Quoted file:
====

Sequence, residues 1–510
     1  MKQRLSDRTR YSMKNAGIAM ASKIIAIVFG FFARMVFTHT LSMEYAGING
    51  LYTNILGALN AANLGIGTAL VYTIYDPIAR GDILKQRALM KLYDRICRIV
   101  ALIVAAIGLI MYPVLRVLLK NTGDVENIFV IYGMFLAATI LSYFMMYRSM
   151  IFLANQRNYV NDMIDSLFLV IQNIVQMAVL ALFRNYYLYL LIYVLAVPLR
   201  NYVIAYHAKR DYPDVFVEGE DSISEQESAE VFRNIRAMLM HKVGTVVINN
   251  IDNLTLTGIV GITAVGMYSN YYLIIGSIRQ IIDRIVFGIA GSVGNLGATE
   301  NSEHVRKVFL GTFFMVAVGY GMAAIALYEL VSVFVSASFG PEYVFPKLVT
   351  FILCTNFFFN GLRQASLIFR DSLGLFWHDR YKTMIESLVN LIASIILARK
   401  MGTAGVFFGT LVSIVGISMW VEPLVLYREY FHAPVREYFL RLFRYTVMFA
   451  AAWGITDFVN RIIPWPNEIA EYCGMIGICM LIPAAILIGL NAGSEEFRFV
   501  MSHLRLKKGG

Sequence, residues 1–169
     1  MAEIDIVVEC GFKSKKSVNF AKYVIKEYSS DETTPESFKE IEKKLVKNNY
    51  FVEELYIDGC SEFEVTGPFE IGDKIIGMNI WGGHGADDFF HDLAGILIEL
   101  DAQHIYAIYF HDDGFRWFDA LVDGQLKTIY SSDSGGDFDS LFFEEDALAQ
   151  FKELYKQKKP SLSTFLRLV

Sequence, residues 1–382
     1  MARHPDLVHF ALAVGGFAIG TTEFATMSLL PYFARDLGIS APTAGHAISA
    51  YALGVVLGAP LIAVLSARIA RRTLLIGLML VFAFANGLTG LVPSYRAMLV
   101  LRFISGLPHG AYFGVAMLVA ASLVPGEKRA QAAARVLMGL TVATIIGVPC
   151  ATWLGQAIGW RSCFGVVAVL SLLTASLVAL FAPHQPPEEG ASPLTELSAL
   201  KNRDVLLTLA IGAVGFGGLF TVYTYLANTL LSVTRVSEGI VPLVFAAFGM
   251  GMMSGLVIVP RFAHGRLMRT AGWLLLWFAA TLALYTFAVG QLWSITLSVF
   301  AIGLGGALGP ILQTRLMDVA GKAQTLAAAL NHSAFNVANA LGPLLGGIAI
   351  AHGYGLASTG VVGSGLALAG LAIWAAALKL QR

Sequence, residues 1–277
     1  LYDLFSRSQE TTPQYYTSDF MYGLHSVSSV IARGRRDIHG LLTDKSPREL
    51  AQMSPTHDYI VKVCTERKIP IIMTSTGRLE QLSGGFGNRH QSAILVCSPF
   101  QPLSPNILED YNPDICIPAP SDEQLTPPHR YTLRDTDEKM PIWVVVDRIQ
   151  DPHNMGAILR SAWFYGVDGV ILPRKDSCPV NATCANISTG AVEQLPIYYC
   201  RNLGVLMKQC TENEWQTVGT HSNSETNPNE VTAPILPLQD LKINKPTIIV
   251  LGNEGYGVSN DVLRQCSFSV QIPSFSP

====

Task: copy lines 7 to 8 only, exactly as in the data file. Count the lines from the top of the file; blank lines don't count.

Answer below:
   251  IDNLTLTGIV GITAVGMYSN YYLIIGSIRQ IIDRIVFGIA GSVGNLGATE
   301  NSEHVRKVFL GTFFMVAVGY GMAAIALYEL VSVFVSASFG PEYVFPKLVT